[OPE] Studying unproductive labor: CEPR report

From: Jurriaan Bendien (adsl675281@tiscali.nl)
Date: Fri Feb 29 2008 - 16:07:46 EST

My own idea is that, dialectically, you cannot really say that military expenditure always has one fixed economic or technological effect, once and for all, like the orthodox Marxists say.  We should I think at the very least distinguish between epochs of boom, epochs of slump, and epochs of military war, in assessing the effects, and consider the situation a society is in. The "multiplier effect" of military production might in fact offset the "drain" of resources, but that effect might work differently, depending on the conjuncture and on how society is organised. In this regard, we should apply historical thinking rather than metaphysical thinking. This is a more subtle theory, and therefore probably less convincing than simple Marxist propaganda.

It is useful to look at a graph of real GDP growth rates for the US 1900-2000 here (on p. 10) http://www.bea.gov/scb/pdf/beawide/2000/0100od.pdf As you can see, the fastest output growth the US economy experienced was during world war 2 (while e.g. in the European theatre of war output growth was reduced in many places). In a sense, the war economically helped resolve the slump that preceded it.

I don't think we should confuse the question of an optimal allocation of scarce resources between alternative uses, with the actual economic effect of the actual allocation of resources. You could argue that money is better spent on constructive uses rather than destructive uses, but in fact destructive uses might generate an awful lot of new capital, invested in constructing new means of destruction, with spin-off effects.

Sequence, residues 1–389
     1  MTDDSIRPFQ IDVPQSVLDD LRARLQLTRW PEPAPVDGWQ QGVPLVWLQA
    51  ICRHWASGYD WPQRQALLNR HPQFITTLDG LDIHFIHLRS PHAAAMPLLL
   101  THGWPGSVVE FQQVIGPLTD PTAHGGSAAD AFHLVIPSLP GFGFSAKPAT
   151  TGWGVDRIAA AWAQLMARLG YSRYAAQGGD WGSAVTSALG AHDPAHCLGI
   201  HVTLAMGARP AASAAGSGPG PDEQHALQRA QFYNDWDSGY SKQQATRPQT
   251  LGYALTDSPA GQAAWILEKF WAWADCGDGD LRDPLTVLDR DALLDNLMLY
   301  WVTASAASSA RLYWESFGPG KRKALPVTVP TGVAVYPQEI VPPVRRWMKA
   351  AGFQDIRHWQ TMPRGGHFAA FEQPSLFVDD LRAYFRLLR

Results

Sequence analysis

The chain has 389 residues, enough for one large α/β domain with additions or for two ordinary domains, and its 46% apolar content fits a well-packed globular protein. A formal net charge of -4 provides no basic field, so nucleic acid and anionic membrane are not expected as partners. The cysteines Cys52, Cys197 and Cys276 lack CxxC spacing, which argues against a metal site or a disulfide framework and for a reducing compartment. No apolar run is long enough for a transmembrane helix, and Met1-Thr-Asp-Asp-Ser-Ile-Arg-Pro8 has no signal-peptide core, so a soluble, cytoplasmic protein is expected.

Mutatis mutandis the same thing applies to the pattern of innovation. Schumpeter's story about innovation is a powerful and suggestive metaphor, but empirically it isn't all that sound. Christopher Freeman's research is probably a much better guide.

The actual economic significance of military production is often difficult to assess, and falsely assessed, because in economic statistics the gross value for the output of military weaponry, machines and equipment is usually excluded from intermediate consumption, and therefore it does not enter into gross output or GDP. If you struck a ratio between military budgets and GDP, you do not get the proportion of military production in total net output.

What we really need to know, and what more profound analysts have tried to show, is what the real linkages are between military production and non-military production, how they intertwine. But that is an empirical and historical question, not a question of abstract metaphors about economic reproduction. You might reason that products which do not re-enter the production process (are not productively consumed) are a "drain" but this disregards the effects of the income they generate, and you might as well argue that ordinary consumption is a "drain" on the economy because it reduces savings available for investment.

If all we can say, a la Stiglitz and the democrats, that wars cost a lot of money, this is a rather pathetic argument, and we are on stronger ground arguing that wars are wrong insofar as they destroy people and their products in the process of trying to solve a problem that could be much better solved in other ways.


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